The transatlantic slave trade, which lasted from the 16th to 19th centuries, found millions of people taken from their homes in central and western Africa and shipped across the ocean to work in the Caribbean and Central and South America.
Toiling as unpaid laborers on sugar, coffee, cocoa and cotton plantations, in gold and silver mines, and as servants in houses, these enslaved people took with them the rich and vibrant cultural traditions of their homelands.
Over time, as slavery ended and governments changed hands, these cultures began to blend with that of their colonial rulers (the English, French, Spanish, Dutch and Portuguese).
In some cases, they also incorporated influences from the area’s native Arawak Indian populations, forging new fusions that stand today as a testament to the beauty of integration. This is the reason Caribbean music styles and other cultural elements are so rich.
Here’s a look at how these disparate influences affected the music and dance styles on some of our favorite Caribbean islands…
The traditional music of Aruba– like that of its sister island in the Netherlands Antilles, Curaçao– combines classical influences from Africa, Europe and neighboring Venezuela.
It includes a variety of waltzes (a ballroom style that originated in Vienna), danzas (a romantic style of music and dance native to the Caribbean) and mazurkas (originally a Polish folk dance).
But the region’s most popular form of music is tumba, which is based on an African-derived rhythm and was created in the 1800s by Curaçao-born composer Jan Gerard Palm.
Other local music forms include tambú, which is sometimes called the Curaçao blues, and the seú, which was historically performed during the harvest festival and is accompanied by a graceful dance known as wapa.
Though these islands have adopted imported music and dance forms such as calypso, reggae and soca, the Bahamas are primarily associated with the sounds of junkanoo.
This Carnival-like celebration occurs every year on Boxing Day (December 26) and New Year’s Day. The word junkanoo is thought to derive from the name of Ghanaian leader John Connu, and its origins stretch back to the era in which slaves were only allowed celebrations around Christmas.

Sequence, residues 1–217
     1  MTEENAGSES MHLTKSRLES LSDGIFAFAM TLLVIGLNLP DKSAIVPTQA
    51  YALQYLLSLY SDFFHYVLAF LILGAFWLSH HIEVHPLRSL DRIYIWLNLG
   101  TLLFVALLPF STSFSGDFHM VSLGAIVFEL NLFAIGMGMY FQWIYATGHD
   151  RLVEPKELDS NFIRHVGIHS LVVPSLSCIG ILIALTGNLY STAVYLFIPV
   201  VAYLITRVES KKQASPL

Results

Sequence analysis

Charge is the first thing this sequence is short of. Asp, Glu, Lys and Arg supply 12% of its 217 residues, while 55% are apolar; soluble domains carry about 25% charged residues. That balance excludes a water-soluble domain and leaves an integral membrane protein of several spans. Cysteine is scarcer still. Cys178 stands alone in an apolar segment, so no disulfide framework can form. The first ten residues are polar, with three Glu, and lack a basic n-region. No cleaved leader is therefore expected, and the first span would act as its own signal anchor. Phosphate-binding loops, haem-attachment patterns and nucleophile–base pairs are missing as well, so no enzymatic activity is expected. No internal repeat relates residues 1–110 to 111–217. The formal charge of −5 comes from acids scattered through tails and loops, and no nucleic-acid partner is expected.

By 1973, the year the Bahamas gained independence from the UK, black professionals had begun to dominate junkanoo, with costumes becoming more elaborate and competitions between various marching bands becoming more intense.
With its brassy horns, syncopated percussion and festive whistles, it’s one of the Caribbean’s most lively and engaging musical forms.
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Colombia’s Atlantic coast boasts an amazingly diverse array of sounds, from the African beat of champeta and the Big Band horns of porro to the Latin rhythms of salsa.
But the area’s most distinctive musical form is cumbia, a mixture of Spanish and African influences with an accompanying dance style designed to recall the shackles worn around the ankles of slaves.
The complex, highly rhythmic music was originally comprised of just percussion and vocals, but has since evolved to include horn sections and keyboards as well.
Spreading from rural areas to more urban centers in the 1940s, cumbia entered its Golden Age in the 1950s and remains popular in both Colombia and Mexico today, popularized by artists such as La Sonora Dinamita, Los Black Stars and Los Corraleros De Majagual.